I'm in Canada at the moment and there's plenty of snow to be found in the Canadian Rocky Mountains. You can compare it to the amount of snow in the southern Alps. The differences worldwide are huge. If you're spending time in the Salzburgerland or Mt. Baker, you're just wondering where the snow is. But if you're in the southern Alps or Revelstoke (guess where I am) you'll know the answer.
So, what happened?
PowderAlert #9 brought lots of freshies to the southwestern and southern Alps, and most parts of the western Alps got their share as well. 40-90 centimeters came down locally. The wind is the dealbraker and the avalanche danger got up to four (on a scale of five) in the regions where they had the most precipitation. The snow came down as forecasted.
You can spot the differences in the Alps easily by checking the webcam images and the reports on the PowderQuest app. A selection.
It's pretty obvious that you'll have to go to the southern Alps for the best snow. The avalanche danger is now high there at the moment, but that will stabilize the next couple of days. They had so much snow from PowderAlert #5 till #9 that the weak layers are deep in the snowcover right now. That's good news. But, this isn't the case in the other regions in the Alps. The situation is still really tense and unstable.
The southern and western Alps got a lot of snow the last couple of days, but what's next? The weather stations are already indicating that warm air is flooding across the Alps and that won't stop shortly…
It will be dry and sunny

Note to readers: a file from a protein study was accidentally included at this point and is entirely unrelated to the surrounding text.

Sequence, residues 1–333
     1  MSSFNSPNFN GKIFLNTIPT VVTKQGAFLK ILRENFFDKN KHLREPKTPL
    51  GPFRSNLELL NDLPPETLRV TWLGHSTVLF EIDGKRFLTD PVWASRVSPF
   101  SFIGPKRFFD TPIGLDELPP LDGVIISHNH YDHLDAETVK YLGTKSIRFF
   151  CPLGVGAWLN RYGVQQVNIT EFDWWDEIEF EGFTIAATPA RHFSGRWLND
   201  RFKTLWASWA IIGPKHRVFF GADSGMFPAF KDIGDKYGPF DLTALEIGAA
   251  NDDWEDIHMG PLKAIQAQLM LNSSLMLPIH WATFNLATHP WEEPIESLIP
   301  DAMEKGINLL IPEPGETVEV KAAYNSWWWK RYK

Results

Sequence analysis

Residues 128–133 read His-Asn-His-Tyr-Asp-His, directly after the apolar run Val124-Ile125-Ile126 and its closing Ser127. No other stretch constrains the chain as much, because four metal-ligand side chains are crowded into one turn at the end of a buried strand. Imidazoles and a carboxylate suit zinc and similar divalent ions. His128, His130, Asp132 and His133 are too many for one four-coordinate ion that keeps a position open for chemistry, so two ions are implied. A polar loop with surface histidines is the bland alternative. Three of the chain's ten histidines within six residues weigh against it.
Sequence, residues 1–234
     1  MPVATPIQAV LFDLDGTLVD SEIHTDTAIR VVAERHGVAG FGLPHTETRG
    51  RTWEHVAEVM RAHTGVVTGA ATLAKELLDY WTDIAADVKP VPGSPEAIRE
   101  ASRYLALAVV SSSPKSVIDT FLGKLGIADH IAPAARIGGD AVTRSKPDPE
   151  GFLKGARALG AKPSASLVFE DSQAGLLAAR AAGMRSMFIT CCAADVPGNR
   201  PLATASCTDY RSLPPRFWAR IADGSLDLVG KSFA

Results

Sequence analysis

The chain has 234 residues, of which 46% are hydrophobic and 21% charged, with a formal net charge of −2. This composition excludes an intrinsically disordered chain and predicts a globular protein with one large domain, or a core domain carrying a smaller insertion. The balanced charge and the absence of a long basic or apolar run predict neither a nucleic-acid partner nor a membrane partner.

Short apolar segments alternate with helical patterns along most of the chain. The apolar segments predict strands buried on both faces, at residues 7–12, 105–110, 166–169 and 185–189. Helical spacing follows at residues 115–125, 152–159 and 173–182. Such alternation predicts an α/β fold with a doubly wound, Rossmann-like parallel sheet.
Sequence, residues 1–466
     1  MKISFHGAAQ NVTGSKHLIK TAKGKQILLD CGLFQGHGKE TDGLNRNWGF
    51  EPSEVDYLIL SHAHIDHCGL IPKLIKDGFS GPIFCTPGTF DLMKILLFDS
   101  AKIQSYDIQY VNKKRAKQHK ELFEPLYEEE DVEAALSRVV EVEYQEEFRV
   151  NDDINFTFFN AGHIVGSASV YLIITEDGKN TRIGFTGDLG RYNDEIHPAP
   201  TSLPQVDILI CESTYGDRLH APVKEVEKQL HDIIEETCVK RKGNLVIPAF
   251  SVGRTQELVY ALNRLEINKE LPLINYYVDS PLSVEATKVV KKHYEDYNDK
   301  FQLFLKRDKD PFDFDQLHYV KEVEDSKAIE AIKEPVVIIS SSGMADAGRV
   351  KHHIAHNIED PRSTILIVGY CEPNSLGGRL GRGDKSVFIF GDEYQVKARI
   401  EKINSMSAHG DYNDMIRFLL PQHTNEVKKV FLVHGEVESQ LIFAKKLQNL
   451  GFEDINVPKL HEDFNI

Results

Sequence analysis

The Alps will be ruled by a high pressure area that's bringing warm air from the south, with sunny and mild days and cold and clear nights as a result. The temperatures wlll rise and the freezing level in the northern and western Alps might hit the 2500 meters or even higher. This will be lower in the southern Alps, but the warm air will also push the freezing level to that kind of altitude later in the week. You're best chances for some good snow are the inneralpine regions in the western and southern Alps. There's plenty of snow in those valleys and it will be pretty cold. It's much harder for the warm air to reach those valleys. The larch trees and north faces aren't directly influenced by the sun as well….so you'll know where to go. Avoid the northern Alps, it will be too warm here. Go to the inneralpine regions in the southern Alps.
Well, let's check the plumes again for the western, northern and southern Alps. The red line is the normal temperature for this time of the year. The colors above the red line indicate the temperatures that are measured by the models the next couple of weeks. You'll find the peaks in precipitation underneath those lines.
Mild, dry and the snowcover is too thin. It's really hard to find powder here this week. And you'll have to that that the snowcover in the higher alpine Is unstable. You'd better stay on the slopes or travel south. The temperatures will drop after the 13th and there's a small chance of snow after that. Or it might be a little bit sooner (from 9-10 of January).
Dry and mild, but there's so much snow in the innneralpine valleys that it will stay cold. The southern Alps are you're best chance for good snow. The temperatures will drop after the 13th.
Same story for the western Alps: too mild and too dry. The inneralpine valleys of the French southern Alps will be you're best shot.
There are no substantial changes the next couple of days, so the next update will be around Wednesday. I'm off riding pow in Revy!